Nations slow to adopt electric vehicles are likely to end up with a glut of used gasoline cars if they fail to accelerate the shift to electrification, according to a report by London-based think-tank Carbon Tracker.
With China, North America and Europe phasing out internal combustion engine vehicles, automakers may resort to selling older, polluting models in Africa, Asia and South America, Ben Scott, senior automotive analyst at Carbon Tracker, wrote in the report released Friday.
Countries with weak or no targets to decarbonise cars include India, Australia, Thailand, Turkey, Indonesia, Malaysia, Russia and South Africa, according to the report. Many won’t be able to import second-hand EVs from places where the push to recycle materials for battery production is gaining momentum.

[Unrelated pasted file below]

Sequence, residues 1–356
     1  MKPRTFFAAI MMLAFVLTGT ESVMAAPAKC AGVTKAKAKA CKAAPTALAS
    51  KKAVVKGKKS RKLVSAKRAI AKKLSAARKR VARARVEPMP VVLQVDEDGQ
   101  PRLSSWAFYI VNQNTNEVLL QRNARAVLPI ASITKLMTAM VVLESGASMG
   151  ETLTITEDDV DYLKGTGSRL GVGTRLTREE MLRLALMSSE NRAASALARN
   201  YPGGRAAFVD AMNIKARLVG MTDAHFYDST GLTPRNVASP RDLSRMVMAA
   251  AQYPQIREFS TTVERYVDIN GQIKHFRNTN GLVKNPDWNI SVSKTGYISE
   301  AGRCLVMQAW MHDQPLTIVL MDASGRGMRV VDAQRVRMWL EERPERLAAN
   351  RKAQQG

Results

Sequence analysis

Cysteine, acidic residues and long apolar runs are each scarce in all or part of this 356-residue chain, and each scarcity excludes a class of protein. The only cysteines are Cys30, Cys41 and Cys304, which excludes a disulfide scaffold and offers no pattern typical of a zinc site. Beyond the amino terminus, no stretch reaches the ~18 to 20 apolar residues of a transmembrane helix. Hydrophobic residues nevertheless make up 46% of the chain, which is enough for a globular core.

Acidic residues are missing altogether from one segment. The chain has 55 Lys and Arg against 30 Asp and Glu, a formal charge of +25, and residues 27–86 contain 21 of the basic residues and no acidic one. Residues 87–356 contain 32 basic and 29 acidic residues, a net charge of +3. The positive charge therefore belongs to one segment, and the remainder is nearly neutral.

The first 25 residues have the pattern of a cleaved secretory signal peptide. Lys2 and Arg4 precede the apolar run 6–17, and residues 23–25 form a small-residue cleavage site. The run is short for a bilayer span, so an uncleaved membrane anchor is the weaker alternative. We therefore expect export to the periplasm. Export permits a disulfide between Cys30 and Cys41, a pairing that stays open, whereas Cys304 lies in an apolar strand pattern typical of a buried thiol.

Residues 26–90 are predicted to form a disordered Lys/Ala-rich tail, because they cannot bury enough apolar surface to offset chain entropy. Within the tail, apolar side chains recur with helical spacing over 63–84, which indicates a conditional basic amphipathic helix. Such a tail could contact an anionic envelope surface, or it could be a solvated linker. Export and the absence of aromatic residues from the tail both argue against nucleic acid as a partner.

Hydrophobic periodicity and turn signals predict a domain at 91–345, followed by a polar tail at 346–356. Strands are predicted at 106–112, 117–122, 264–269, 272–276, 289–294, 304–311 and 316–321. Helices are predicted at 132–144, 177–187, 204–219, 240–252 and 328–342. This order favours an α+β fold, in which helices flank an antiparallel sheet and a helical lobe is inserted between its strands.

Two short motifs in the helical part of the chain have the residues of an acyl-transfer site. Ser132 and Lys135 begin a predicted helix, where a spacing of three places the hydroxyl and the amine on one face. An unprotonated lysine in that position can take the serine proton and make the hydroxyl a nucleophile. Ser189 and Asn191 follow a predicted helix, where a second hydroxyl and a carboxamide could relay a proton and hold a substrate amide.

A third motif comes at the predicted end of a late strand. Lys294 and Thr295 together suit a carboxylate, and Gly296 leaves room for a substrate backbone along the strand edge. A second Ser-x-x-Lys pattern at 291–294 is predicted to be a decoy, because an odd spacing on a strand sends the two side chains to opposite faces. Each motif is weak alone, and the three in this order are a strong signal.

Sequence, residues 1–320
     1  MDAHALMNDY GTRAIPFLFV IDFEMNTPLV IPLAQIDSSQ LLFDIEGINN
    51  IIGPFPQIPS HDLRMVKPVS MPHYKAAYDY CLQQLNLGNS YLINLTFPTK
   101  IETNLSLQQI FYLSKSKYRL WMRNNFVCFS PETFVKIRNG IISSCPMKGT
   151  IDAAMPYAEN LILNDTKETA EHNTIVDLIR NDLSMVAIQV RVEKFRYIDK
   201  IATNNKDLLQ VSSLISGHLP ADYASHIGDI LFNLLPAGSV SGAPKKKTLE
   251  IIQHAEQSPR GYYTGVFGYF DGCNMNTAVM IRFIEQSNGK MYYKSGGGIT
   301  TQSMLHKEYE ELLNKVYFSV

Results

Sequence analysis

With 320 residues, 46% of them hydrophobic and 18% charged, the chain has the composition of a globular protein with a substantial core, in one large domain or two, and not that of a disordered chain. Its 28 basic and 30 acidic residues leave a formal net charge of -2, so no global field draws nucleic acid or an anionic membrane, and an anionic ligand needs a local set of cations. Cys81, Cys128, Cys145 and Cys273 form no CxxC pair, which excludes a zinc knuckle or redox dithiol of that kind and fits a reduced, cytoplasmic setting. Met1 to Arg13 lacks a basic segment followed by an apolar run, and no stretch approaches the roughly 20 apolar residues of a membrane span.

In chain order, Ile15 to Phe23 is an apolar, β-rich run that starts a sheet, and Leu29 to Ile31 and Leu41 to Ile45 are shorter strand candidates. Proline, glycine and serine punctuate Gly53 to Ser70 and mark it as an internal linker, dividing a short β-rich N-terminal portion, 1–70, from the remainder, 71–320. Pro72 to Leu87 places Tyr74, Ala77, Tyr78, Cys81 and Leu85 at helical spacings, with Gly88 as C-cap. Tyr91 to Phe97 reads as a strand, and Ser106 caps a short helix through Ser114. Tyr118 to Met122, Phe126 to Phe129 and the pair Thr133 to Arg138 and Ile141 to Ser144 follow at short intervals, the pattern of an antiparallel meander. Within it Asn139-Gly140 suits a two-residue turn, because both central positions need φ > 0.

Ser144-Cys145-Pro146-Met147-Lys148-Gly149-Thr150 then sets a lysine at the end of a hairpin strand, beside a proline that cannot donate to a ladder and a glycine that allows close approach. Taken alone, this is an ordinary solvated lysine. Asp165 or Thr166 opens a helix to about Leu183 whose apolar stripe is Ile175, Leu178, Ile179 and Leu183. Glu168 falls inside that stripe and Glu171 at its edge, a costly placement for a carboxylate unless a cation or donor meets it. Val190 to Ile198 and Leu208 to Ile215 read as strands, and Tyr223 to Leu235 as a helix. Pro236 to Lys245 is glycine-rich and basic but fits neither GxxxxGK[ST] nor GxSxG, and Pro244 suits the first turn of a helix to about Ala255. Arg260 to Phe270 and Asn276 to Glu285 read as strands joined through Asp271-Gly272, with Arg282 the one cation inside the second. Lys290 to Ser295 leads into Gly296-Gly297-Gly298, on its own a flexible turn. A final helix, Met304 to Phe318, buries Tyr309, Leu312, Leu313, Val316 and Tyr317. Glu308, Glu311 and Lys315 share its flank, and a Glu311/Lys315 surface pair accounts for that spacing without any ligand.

CONTINUE READING BELOW
The financial burden of imports on developing nations will also get worse without clear goals to end sales of gasoline vehicles, Scott said.
Africa spends $80 billion a year on importing transport fuels, accounting for 2.5% of its gross domestic product, according to the report, which said the continent, Asia and South America could save over $100 billion combined a year on fuel imports and reduce trade deficits through policies that aid EV adoption.
Governments should incentivise the shift with policies such as import bans and age restrictions on used cars, emission limits and the removal of tariffs on EVs. Increasing domestic production and recycling of EVs are also crucial steps to cut transport emissions.
For developing markets, accelerating the switch to battery-powered vehicles will open up economic opportunities ranging from mineral mining and manufacturing to sales, infrastructure and recycling, according to the report.
© 2023 Bloomberg